You could easily replace the rose water with orange blossom water and instead of almonds try raisins or pistachios. Be careful with either the rosewater or the orange blossom water, a little bit goes a very long way. Also, whichever nuts you use, just don’t toast them; you want them there for crunch more than anything and toasted nuts have an intense flavor which would overtake the lovely subtleness of Kheer.

1/2 cup long grain rice (washed and drained, we used Basmati)
2 1/2 cups whole milk
1/2 cup heavy cream
3 whole cardamom seeds, smashed (if you can't find whole seeds, use 1 tsp ground)
1/3 cup blanched, sliced or slivered almonds
4 tbsp sugar or more to your liking
2 tbs rosewater

-Bring rice, milk, cream, and cardamom seeds to a boil then simmer gently until the rice is soft and the milk has thickened, about 20-30 minutes.
-Fish out the cardamom pods with a fork, discard. Add the almonds and stir in the sugar gently with a fork until dissolved. Let simmer for about five minutes, adjust sugar to your liking.
-Before serving, gently mix in the rosewater with fork. This can be served warm or cold - personally I like it kind of room temperature. We garnished it with some candied ginger, but thats not necessarily traditional.


  1. congrats for moving to Challenge #2 - couldn't wait to read your post...not disappointed...

  2. Sounds delicious! As a vegetarian, I'll definitely try out the Vangi Batata Bhaji. Plus I love eggplant. I'd love to try to make the Kheer too, but I have no clue where to find rosewater. Our local grocery stores leave a lot to be desired. They are the reason I'm vegetarian & not straight up vegan actually (I love cheese & baked goods & I can't get soy cheese or the egg replacement stuff locally). :-\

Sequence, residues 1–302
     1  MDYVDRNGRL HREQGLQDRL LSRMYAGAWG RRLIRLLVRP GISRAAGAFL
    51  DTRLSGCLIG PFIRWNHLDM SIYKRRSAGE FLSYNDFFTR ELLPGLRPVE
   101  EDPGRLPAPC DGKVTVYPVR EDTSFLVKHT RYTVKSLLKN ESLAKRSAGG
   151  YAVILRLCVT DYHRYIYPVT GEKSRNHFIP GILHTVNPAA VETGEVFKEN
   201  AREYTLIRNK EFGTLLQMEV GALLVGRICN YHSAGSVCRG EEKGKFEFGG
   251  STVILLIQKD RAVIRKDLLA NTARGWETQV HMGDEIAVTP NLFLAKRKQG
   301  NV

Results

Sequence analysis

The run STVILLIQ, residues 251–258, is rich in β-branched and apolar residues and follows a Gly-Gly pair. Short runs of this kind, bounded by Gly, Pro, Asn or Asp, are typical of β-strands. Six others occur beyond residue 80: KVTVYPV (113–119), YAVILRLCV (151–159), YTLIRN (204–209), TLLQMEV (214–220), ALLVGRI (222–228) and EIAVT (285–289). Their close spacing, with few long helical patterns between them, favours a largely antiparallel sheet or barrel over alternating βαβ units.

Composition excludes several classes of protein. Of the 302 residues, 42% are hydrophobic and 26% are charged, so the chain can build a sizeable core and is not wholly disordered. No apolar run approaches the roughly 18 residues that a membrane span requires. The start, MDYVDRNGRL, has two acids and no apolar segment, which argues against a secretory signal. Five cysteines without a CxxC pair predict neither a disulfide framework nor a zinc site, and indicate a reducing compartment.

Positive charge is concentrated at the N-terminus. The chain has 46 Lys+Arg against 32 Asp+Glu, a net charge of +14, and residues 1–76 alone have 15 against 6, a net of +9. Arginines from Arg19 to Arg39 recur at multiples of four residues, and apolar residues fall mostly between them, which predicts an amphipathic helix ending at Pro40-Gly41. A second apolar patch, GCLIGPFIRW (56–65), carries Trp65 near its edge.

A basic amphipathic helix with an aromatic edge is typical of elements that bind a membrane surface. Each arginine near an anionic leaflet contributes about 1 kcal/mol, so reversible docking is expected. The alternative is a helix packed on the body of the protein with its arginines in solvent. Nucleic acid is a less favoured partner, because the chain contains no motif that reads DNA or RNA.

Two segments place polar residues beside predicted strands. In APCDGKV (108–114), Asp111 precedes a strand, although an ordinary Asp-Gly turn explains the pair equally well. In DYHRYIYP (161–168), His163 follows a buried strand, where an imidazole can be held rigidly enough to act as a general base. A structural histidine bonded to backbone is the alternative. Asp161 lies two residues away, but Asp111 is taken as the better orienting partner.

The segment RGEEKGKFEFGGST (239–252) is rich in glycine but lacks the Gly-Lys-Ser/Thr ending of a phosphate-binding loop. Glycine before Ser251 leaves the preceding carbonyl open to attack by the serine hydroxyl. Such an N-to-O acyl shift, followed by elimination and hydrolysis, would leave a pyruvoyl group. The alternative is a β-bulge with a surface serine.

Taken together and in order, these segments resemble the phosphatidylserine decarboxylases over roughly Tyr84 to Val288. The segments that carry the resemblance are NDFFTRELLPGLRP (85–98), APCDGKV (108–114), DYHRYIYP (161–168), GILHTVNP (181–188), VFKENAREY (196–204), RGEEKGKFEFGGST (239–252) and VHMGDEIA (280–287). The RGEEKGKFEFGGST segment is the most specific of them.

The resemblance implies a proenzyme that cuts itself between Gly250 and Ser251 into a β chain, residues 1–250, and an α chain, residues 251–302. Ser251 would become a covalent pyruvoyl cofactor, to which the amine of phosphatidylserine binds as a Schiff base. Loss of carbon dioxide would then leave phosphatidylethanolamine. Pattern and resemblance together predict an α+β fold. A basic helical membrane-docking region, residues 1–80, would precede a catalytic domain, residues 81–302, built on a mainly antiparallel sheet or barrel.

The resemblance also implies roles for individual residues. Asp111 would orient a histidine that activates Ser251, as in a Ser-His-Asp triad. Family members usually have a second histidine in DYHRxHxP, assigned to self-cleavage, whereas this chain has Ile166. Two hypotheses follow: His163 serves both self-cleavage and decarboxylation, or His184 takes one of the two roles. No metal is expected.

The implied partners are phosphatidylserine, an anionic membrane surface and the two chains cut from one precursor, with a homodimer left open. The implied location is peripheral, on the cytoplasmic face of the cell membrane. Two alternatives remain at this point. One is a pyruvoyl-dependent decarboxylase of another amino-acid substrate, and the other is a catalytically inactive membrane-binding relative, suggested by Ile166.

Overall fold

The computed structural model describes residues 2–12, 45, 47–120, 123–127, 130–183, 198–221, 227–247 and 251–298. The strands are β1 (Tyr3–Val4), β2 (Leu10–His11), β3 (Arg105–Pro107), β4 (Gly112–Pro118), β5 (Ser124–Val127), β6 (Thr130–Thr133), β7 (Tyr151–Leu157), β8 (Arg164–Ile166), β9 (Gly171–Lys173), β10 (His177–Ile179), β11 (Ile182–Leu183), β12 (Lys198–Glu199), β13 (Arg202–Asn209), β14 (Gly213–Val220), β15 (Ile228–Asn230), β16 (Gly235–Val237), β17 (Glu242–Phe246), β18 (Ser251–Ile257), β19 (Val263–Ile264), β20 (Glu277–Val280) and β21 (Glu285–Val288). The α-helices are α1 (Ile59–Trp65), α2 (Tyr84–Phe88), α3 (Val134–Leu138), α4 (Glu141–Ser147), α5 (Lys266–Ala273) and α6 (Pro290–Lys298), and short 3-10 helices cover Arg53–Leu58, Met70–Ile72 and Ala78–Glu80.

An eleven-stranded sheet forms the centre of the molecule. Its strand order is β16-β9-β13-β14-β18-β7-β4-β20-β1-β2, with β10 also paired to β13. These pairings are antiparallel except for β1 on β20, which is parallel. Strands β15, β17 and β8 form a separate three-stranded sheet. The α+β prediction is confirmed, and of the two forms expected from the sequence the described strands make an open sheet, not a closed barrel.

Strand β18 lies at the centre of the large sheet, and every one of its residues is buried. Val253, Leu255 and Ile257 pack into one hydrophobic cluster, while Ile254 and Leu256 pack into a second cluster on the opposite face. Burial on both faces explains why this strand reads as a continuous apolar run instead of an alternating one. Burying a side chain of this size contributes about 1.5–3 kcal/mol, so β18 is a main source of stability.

And congrats on making round two! You have my vote.

  3. Not only do your recipes sound great, I also love your stories. They make me want to keep reading your blog.

  4. What a beautiful story, the dish looks delicious. Must be very flavorful, Good luck with this round. Have a great week.

  5. I'm in love with Indian cooking and all the vegetarian dishes it offers. I can almost smell your bahji from here, in fact, reading your post made my stomach growl. I really like your writing, I'm sure you'll go far in this competition. Best of luck, you got my vote!

  6. What a beautiful story--you need to write a book! I love anything with garam masala and I can't wait to try making kheer. Glad to vote for you and keep the momentum up :)

  7. Just discovered you through the contest and loving your blog. You definitely have my vote :) and you should be able to make it through the next round with this dish.

  8. OMG that sounds soooo good! I'm going to have to try it. Voted for you. Good luck!

  9. i love your stories! you have my vote!

  10. I love hearing about all of your adventures in the kitchen and have just signed up for e-mails. Congrats on getting to the next level in the Food Buzz contest: well deserved. Good luck!

  11. Voted for you and good luck with PFB :)

    I would like to invite you to participate in my giveaway

    Here is my entry for PFB

  12. Delightful :) Annie sounds like a wonderful ally both in the kitchen and elsewhere. And I'm sure I've made a version of that eggplant + potato dish at one time or another - I remember it as being a divine plate of food...

  13. Lovely. What a great story! You've got my vote again! :)

  14. Sounds wonderful, and this is a great entry...Good luck :)

  15. I'm adoring these stories of yours, Duchess. :-) I just love the amazing tales from your life, these fabulous people that I'm getting to know through your words and descriptions. This dish sounds marvelous! :-)

  16. The Vangi Batata Bhaji sounds wonderful, and the rice sounds heavenly :)! Great job on this one :)!